Academic journal article The Future of Children

Pollution and Climate Change

Academic journal article The Future of Children

Pollution and Climate Change

Article excerpt

Summary

Childhood is a particularly sensitive time when it comes to pollution exposure. Allison Larr and Matthew Neidell focus on two atmospheric pollutants--ozone and particulate matter--that can harm children's health in many ways. Ozone irritates the lungs, causing various respiratory symptoms; it can also damage the lung lining or aggravate lung diseases such as asthma. Particulate matter affects both the lungs and the heart; like ozone, it can cause respiratory symptoms and aggravate asthma, but it can also induce heart attacks or irregular heartbeat. Beyond those immediate effects, childhood exposure to ozone and particulate matter can do long-term damage to children's health and reduce their ability to accumulate human capital. For example, frequent asthma attacks can cut into school attendance and academic performance, ultimately detracting from children's ability to earn a good living as adults.

Fossil fuel-burning power plants, which are a major source of carbon emissions that cause climate change, also emit high levels of nitrogen dioxide and sulfur dioxide, which play a role in forming ozone and particulate matter. We might assume, then, that policies to reduce climate change by cutting back on carbon emissions from power plants would automatically cut back on these other types of pollution. But its not quite that simple--atmospheric concentrations of ozone and particulate matter are linked to heat and other climatic variables through complex, nonlinear relationships.

Taking those complex relationships into account and examining a variety of ways to model future air quality, Larr and Neidell project that policies to mitigate the emissions that produce climate change would indeed significantly reduce atmospheric ozone and particulate matter--at least in the United States, which has the most-complete data available to make such calculations. The drop in pollution would in turn produce significant improvements in child wellbeing. Children would be more likely to survive into adulthood, experience healthier childhoods, have more human capital, and be more productive as adults.

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We can expect climate change--and policies aimed at curbing it--to affect air quality, among other things. Exposure to pollution during childhood has numerous consequences for wellbeing. In the short term, it can affect health; for example, it can exacerbate children's asthma or even kill them. In the long term, it can alter their human capital (for example, how many years of school they complete) and their labor market productivity. This article spells out and quantifies some of those effects based on our understanding of the relationships between climate change and pollution and between childhood pollution exposure and wellbeing.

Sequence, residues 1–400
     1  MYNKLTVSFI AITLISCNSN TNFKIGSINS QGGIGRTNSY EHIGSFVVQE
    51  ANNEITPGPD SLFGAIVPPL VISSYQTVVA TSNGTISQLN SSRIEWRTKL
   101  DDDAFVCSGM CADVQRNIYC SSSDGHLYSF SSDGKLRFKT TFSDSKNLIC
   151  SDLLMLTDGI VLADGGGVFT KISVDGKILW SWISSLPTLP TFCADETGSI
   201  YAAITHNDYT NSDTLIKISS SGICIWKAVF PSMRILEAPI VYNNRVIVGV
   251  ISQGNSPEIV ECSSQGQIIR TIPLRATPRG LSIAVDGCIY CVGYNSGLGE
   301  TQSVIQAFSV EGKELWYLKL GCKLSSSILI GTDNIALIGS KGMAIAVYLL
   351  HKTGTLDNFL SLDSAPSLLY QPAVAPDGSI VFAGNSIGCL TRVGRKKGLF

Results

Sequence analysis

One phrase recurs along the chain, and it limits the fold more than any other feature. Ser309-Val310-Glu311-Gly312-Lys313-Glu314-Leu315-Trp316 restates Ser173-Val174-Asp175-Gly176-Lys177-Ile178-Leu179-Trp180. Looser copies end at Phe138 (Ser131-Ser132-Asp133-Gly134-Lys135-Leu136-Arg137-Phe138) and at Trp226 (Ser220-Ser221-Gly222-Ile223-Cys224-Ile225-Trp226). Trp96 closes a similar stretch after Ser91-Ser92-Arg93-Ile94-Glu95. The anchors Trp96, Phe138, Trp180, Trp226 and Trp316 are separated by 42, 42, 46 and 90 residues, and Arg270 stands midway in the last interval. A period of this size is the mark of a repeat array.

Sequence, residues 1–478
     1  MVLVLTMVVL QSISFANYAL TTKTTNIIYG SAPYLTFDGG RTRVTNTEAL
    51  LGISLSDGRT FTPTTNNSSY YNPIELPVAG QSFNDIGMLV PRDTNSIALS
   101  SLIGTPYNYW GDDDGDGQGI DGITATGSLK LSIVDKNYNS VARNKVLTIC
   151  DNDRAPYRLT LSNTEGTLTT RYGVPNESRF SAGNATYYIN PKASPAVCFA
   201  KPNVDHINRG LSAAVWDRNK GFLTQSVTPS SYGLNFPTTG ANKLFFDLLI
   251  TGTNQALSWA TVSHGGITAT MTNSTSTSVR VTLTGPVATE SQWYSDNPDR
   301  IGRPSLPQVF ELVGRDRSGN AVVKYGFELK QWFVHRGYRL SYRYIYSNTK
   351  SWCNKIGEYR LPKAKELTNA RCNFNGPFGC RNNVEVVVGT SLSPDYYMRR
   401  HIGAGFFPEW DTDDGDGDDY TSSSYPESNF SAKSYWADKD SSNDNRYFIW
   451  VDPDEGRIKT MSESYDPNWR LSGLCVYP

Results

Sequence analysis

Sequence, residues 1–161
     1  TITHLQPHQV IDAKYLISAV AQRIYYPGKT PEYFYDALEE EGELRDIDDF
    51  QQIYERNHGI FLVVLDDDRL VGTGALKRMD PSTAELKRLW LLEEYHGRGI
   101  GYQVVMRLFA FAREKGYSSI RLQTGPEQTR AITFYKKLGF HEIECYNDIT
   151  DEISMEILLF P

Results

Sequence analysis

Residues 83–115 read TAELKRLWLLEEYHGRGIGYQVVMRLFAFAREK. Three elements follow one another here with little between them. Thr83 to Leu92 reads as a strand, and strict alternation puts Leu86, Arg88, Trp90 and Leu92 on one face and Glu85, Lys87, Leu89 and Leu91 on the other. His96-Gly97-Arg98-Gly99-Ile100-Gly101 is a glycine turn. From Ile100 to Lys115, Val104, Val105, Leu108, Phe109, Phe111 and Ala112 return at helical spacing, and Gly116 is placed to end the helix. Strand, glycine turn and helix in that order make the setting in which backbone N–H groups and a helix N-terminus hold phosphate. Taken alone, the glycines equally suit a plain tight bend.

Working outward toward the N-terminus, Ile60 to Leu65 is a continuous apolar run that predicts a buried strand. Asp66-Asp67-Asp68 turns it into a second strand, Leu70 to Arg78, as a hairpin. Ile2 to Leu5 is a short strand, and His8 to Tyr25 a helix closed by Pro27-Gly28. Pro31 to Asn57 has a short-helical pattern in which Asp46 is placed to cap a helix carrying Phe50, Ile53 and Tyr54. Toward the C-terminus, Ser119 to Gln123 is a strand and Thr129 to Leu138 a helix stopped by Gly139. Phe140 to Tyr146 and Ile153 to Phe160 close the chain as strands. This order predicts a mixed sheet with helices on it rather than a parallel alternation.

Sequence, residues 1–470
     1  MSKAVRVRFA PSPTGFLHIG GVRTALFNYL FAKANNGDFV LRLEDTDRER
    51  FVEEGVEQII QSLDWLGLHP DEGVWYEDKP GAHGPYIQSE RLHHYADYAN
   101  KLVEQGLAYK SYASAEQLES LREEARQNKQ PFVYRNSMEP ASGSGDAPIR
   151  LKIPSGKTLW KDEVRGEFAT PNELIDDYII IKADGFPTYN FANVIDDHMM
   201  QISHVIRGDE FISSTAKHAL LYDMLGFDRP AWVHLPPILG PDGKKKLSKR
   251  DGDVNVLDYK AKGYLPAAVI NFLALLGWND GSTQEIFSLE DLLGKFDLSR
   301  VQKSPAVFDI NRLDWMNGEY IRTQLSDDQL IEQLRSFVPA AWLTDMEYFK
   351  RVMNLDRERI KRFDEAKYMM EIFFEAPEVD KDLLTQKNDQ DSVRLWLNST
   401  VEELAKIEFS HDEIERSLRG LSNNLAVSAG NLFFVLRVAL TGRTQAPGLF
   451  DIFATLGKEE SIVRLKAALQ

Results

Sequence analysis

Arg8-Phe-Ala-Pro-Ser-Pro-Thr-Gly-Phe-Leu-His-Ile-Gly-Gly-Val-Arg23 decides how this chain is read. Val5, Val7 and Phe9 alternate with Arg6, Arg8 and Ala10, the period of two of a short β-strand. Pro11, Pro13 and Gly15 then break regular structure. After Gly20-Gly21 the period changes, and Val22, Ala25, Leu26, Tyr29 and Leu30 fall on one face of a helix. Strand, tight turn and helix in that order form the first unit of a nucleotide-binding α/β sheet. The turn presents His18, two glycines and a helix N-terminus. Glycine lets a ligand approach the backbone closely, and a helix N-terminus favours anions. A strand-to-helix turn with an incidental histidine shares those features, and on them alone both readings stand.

We focus on two ways that climate change and efforts to fight it may affect air quality. The first involves policies that aim to reduce the use of fossil fuels, which emit not only carbon dioxide (C[O.sub.2]) but also many air pollutants that affect health. For example, power plants are major sources of C[O.sub.2], but they also emit high levels of sulfur dioxide and nitrogen dioxide, which lead to the formation of ozone and fine particulate matter (particles up to 2.5 microns in size, or [PM.sub.2.5]). Therefore, any policies that reduce the use of fossil fuels would also reduce emissions that affect local air quality. (Geoengineering techniques such as carbon capture and sequestration don't generate improvements in local air quality because they don't reduce the amount of C[O.sub.2] produced.) The health effects of using less fossil fuel are often referred to as co-benefits of climate change policy.

The second way that climate change may affect air quality is through weather's role in determining pollution. For example, ozone forms when heat combines with volatile organic compounds and nitrogen oxides. Therefore, warmer temperatures are expected to increase ozone levels. …

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